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March 18, 2021 57 min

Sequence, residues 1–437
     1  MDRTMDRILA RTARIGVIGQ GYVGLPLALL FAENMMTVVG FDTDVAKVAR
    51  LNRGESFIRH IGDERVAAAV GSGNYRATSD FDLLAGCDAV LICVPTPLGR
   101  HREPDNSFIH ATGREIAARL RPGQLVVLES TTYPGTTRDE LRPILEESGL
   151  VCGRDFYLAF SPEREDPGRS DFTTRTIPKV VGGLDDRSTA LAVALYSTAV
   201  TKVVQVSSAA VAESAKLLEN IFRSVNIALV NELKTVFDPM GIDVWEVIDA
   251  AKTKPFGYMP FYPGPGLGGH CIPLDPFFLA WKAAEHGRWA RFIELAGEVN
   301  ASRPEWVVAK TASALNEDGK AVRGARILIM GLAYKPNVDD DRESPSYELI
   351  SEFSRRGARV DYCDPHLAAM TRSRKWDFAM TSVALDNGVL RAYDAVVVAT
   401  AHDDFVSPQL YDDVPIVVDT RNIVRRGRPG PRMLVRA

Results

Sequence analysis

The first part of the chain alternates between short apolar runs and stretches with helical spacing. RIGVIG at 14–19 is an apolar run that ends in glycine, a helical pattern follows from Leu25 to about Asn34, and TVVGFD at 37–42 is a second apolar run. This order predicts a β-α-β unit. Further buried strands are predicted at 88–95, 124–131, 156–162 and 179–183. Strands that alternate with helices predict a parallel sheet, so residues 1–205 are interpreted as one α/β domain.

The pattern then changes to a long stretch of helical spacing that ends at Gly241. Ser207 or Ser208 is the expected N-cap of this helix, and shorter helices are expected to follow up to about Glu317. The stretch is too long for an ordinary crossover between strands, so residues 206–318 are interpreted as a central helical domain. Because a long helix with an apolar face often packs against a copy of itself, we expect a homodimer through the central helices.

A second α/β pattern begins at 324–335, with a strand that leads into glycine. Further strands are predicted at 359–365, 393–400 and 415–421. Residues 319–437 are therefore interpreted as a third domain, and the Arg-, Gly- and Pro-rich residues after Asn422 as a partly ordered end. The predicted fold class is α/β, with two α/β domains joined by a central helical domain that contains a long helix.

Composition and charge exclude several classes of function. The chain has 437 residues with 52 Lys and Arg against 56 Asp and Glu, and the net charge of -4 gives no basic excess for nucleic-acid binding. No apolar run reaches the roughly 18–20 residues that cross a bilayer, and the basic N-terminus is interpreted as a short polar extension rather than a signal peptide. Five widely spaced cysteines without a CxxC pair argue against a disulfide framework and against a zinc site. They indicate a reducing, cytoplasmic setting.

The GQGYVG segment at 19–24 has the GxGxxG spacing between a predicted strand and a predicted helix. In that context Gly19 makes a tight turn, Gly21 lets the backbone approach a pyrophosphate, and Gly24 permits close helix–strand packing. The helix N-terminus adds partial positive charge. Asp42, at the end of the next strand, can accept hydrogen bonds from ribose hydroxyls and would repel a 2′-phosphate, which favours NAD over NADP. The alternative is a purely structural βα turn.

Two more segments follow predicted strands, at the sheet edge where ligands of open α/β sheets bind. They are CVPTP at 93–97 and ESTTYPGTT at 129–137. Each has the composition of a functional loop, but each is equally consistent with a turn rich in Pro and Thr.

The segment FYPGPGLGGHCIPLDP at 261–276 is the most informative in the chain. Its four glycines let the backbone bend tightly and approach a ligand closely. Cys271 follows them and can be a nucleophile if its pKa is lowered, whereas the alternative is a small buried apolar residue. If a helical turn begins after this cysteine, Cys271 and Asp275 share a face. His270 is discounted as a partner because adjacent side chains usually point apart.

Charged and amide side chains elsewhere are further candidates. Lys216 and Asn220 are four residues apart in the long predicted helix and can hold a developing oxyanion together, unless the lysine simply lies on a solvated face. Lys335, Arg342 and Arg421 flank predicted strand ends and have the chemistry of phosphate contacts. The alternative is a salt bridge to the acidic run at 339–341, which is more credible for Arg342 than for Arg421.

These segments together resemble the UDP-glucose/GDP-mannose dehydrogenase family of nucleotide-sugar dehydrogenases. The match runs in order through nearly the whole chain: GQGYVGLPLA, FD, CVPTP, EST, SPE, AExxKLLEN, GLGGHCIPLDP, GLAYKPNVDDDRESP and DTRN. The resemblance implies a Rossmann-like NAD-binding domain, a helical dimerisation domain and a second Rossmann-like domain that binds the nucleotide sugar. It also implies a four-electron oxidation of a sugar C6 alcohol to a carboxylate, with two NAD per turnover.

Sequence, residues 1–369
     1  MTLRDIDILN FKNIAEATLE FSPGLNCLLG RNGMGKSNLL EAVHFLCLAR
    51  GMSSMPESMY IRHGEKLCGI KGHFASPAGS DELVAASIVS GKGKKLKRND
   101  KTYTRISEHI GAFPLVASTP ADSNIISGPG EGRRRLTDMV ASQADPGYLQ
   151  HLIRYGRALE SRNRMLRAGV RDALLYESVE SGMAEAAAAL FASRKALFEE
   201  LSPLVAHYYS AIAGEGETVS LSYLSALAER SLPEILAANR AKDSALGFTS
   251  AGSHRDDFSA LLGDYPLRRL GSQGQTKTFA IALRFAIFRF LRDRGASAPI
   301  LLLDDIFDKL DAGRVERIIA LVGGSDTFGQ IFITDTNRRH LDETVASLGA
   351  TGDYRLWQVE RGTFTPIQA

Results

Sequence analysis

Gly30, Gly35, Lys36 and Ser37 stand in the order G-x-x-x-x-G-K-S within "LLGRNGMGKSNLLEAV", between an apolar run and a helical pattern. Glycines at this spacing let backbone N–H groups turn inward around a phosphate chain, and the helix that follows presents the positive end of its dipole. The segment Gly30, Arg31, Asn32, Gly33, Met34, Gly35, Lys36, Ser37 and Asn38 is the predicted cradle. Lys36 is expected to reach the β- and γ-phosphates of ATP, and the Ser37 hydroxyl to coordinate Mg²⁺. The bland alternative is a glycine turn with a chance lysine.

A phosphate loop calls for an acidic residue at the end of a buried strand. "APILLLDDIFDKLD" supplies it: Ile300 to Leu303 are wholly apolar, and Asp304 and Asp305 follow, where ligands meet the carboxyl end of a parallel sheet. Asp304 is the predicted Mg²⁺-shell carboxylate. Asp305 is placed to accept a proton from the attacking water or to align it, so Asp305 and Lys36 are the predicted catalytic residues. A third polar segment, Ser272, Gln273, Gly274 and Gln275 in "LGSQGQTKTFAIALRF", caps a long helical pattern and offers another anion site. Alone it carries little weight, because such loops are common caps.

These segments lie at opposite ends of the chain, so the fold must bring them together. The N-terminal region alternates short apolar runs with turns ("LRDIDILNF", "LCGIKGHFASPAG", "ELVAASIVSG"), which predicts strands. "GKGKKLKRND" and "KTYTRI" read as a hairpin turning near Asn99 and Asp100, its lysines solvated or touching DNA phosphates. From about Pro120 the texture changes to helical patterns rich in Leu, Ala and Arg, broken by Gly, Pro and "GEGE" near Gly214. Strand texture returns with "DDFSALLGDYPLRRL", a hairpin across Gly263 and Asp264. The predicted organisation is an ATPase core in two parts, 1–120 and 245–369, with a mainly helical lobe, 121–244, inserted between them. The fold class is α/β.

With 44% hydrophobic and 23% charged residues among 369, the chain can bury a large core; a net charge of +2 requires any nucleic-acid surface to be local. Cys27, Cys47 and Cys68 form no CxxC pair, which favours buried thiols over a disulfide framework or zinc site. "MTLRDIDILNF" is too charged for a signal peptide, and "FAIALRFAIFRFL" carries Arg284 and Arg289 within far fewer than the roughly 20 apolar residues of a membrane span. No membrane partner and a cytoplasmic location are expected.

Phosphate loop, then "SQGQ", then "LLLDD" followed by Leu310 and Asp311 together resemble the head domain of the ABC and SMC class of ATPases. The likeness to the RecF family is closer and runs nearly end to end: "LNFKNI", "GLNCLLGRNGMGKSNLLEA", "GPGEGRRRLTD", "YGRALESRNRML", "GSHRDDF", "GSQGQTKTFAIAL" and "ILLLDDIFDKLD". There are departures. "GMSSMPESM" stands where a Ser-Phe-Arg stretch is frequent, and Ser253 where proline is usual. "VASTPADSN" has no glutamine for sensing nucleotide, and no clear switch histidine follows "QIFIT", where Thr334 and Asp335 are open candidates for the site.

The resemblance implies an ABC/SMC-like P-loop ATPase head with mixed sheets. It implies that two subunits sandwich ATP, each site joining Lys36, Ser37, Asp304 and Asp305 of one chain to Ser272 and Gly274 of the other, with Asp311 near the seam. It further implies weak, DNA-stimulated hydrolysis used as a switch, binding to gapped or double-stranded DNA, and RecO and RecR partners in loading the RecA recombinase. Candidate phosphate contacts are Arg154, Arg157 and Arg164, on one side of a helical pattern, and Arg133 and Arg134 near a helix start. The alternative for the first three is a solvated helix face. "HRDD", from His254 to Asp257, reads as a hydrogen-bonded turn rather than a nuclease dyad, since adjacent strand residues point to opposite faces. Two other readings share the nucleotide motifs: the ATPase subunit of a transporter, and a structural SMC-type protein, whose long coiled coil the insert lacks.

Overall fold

Two weeks ago, we brought you the story of Johann Peter Oettinger, a seventeenth-century German-speaking barber-surgeon who in 1693 journeyed to Africa and the West Indies on behalf of the Brandenburg African Company. His journal from that period captures the height of German participation in the transatlantic slave trade. Today, we bring you the story of the journal itself and how two historians, Craig Koslofsky and Robert Zaugg, found the manuscript independently of one another in the Berlin archives. The journal’s history is as important as its contents. How we interpret the history within it means we need to know something of its origin. And for more than a century, what historians thought was Oettinger’s authentic journal, wasn’t the real journal at all. On today’s show, Koslofsky and Zaugg weave together a tale made of paper scraps, lost manuscripts, family revisions, and plain dumb luck to reveal the journal’s true origin, and how what could have resulted in the academic equivalent of fisticuffs turned into a wonderful collaboration. Koslofsky and Zaugg are the co-editors and translators of A German Barber-Surgeon in the Atlantic Slave Trade: The Seventeenth-Century Journal of Johann Peter Oettinger (University of Virginia Press, 2021). Our friends at UVA Press are offering a 40% discount on this published edition of Oettinger’s journal. If you’d like your own copy, use discount code 10BARBER on the press's website.  About Our Guests: Craig Koslofsky, Ph.D, is Professor of History and Germanic Languages and Literatures at the University of Illinois at Urbana-Champaign. Roberto Zaugg, Ph.D., is is Professor of Early Modern History at the University of Zurich in Switzerland. About Our Host:  Jim Ambuske, Ph.D., leads the Center for Digital History at the Washington Library. A historian of the American Revolution, Scotland, and the British Atlantic World, Ambuske graduated from the University of Virginia in 2016. He is a former Farmer Postdoctoral Fellow in Digital Humanities at the University of Virginia Law Library. At UVA Law, Ambuske co-directed the 1828 Catalogue Project and the Scottish Court of Session Project.  He is currently at work on a book about emigration from Scotland in the era of the American Revolution as well as a chapter on Scottish loyalism during the American Revolution for a volume to be published by the University of Edinburgh Press. --- Send in a voice message: Support this podcast:
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